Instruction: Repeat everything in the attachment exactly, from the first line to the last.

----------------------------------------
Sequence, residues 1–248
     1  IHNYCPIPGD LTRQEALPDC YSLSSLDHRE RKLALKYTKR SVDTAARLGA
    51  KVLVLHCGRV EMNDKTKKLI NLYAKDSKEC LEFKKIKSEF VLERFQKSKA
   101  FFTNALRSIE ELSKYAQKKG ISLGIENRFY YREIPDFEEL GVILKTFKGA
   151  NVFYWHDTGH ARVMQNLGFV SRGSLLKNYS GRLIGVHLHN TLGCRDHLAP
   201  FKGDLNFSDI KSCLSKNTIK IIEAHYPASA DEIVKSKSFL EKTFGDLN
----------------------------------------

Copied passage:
Sequence, residues 1–248
     1  IHNYCPIPGD LTRQEALPDC YSLSSLDHRE RKLALKYTKR SVDTAARLGA
    51  KVLVLHCGRV EMNDKTKKLI NLYAKDSKEC LEFKKIKSEF VLERFQKSKA
   101  FFTNALRSIE ELSKYAQKKG ISLGIENRFY YREIPDFEEL GVILKTFKGA
   151  NVFYWHDTGH ARVMQNLGFV SRGSLLKNYS GRLIGVHLHN TLGCRDHLAP
   201  FKGDLNFSDI KSCLSKNTIK IIEAHYPASA DEIVKSKSFL EKTFGDLN